Since Medium began releasing its latest raft of changes glitches have popped up everywhere. Some have been obvious and have given rise to collective expressions of frustration. However, there’s one that has gone largely unnoticed but is worth paying attention to, particularly if you have claimed your own subdomain as many of us did when the opportunity was presented to us.
Now, each of us has our own preferred way of using the Medium platform…
As a writer, nothing beats getting on our lap or desktops and writing from the comfort of a proper keyboard. Our computers offer the full editorial capacity available to us such as submitting our work to publications or properly embedding links — which the mobile device apps do not.
As a reader, many of us prefer to hunker down on the sofa with a coffee and our tablets or phones, and read via the Medium mobile app. As we read we highlight and clap our favourite pieces. These functions work smoothly in the app… at least they do in my Android devices. Better in fact than when on our computers, where clapping is an annoyingly slow process.
As a self-promoter, sharer, marketer of our work however a glitch has revealed itself and it may make you rethink how you share your work.
Medium links appear in three variations on social media. You’ll see this above the title of a piece as shown below. The formats are medium.com, link.medium.com, and yoursubdomain.medium.com.
Why is this so? I’ve no idea. Who am I to question the Medium gods? So then, why does it matter? Well, in that regard I can share a little insight before suggesting how to manage it.
The first thing you need to know is that each of these links opens on a mobile device in a different way.
When a reader is using a mobile device, whether Android or iOS, and taps on Medium links in social media, this is what happens:
The article opens in the app, but the reader will not be automatically be logged in. Readers get three free articles a month. So even if your reader is a paying member, whose read time contributes to the earning on your piece, they may not notice that they are using a free read. If they have already read three pieces, they will find they cannot read it… (yes, this is how the glitch came to my attention… apologies to those people whose pieces I read for free). At this point, they go to the three dots in the corner to drop down a menu, and these are the options:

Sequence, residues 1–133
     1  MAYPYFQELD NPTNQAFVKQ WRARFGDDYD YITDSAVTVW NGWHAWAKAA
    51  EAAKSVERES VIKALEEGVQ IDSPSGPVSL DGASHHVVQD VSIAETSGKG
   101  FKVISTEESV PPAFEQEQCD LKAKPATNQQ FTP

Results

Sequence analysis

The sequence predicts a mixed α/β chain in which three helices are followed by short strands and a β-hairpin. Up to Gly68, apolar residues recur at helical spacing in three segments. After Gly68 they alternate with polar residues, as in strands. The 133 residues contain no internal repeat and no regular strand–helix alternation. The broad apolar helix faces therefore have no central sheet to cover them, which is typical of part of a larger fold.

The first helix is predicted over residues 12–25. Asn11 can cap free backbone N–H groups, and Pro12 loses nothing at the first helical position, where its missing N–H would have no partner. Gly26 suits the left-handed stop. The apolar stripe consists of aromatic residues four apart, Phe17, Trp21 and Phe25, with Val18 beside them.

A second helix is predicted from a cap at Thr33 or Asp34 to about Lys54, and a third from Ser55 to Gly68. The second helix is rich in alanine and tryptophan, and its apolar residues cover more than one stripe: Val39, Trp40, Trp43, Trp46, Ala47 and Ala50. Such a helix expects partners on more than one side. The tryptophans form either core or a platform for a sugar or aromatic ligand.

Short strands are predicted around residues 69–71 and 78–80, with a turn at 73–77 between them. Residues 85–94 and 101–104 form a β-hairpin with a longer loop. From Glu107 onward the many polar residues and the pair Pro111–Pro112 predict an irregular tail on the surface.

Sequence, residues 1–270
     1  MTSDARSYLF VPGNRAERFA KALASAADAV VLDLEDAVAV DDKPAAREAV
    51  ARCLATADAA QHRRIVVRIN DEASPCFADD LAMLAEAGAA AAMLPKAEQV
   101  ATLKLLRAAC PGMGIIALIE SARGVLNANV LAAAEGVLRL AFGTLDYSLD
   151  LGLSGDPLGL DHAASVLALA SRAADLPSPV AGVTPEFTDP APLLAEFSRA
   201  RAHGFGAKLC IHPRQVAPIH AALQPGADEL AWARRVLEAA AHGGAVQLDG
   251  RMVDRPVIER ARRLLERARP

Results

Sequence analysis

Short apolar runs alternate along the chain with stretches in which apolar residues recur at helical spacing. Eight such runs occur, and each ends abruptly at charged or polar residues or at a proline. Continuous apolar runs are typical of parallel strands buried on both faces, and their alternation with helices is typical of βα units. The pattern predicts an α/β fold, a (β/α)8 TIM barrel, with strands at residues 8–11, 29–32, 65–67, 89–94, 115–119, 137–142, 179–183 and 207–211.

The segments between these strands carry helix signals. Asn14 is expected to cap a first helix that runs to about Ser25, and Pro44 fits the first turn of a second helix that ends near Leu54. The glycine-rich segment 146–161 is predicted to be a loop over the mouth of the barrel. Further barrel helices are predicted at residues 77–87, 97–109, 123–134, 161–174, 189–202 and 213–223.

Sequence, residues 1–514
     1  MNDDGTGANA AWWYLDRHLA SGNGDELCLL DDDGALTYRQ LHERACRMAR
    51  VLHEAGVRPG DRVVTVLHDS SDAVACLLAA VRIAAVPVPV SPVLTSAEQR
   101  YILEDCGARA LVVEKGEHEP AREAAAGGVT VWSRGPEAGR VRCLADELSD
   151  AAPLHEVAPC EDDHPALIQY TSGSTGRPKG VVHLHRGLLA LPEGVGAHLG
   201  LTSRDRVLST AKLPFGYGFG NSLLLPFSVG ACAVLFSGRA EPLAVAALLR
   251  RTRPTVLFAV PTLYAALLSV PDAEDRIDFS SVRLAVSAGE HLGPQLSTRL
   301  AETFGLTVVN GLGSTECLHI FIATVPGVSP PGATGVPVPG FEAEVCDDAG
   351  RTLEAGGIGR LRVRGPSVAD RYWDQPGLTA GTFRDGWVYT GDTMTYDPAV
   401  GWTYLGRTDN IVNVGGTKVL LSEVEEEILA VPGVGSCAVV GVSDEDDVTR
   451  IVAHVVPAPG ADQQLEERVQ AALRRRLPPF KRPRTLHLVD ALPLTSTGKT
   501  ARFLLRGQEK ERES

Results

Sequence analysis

The article will now open in the app and the reader can happily read, highlight, and clap quickly and easily by just leaving their finger on the clap icon for as long as they like to show their appreciation for the piece.
As a reader, this is my favourite. When I tap on one of these links the piece opens straight in the app where I am always logged on; no confusion, no extra tapping through to get where I want to go. Here a reader can read, highlight, and clap; quickly, smoothly, and to their heart's content… or discontent as the case may be.
As a writer, this is also my favourite link format because I know that when I share this one to social media, the reading experience is super easy for my readers and if they do feel inclined to clap, they can do it so easily and quickly that it increases the potential for the full enchilada ego stroke of a standing ovation, aka 50 claps.
This link format came about when the latest changes to Medium gave writers the option to grab their own subdomain (the word that goes in front of ‘medium.com’). I grabbed mine quick. After all, I have a seriously common name and so if there was going to be a Sarah J. Baker on Medium I wanted it to be me.
As a reader, however, this personal bit of internet real-estate also procures the glitchy link that interrupts my reading flow. So, unless the title really grabs me, I tend to scroll past. Here’s why…